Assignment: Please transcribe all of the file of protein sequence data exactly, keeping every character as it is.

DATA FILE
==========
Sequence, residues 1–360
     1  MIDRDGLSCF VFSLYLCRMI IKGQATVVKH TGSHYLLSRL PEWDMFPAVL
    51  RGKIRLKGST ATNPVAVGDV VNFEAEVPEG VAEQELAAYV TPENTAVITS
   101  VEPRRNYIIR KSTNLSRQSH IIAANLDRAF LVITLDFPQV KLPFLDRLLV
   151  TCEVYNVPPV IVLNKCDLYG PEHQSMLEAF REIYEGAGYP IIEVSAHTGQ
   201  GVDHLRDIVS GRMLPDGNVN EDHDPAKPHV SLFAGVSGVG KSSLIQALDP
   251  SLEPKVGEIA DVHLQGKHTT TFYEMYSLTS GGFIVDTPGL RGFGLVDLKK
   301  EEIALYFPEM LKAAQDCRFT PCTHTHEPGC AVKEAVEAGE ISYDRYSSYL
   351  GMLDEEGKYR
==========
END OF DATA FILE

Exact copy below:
Sequence, residues 1–360
     1  MIDRDGLSCF VFSLYLCRMI IKGQATVVKH TGSHYLLSRL PEWDMFPAVL
    51  RGKIRLKGST ATNPVAVGDV VNFEAEVPEG VAEQELAAYV TPENTAVITS
   101  VEPRRNYIIR KSTNLSRQSH IIAANLDRAF LVITLDFPQV KLPFLDRLLV
   151  TCEVYNVPPV IVLNKCDLYG PEHQSMLEAF REIYEGAGYP IIEVSAHTGQ
   201  GVDHLRDIVS GRMLPDGNVN EDHDPAKPHV SLFAGVSGVG KSSLIQALDP
   251  SLEPKVGEIA DVHLQGKHTT TFYEMYSLTS GGFIVDTPGL RGFGLVDLKK
   301  EEIALYFPEM LKAAQDCRFT PCTHTHEPGC AVKEAVEAGE ISYDRYSSYL
   351  GMLDEEGKYR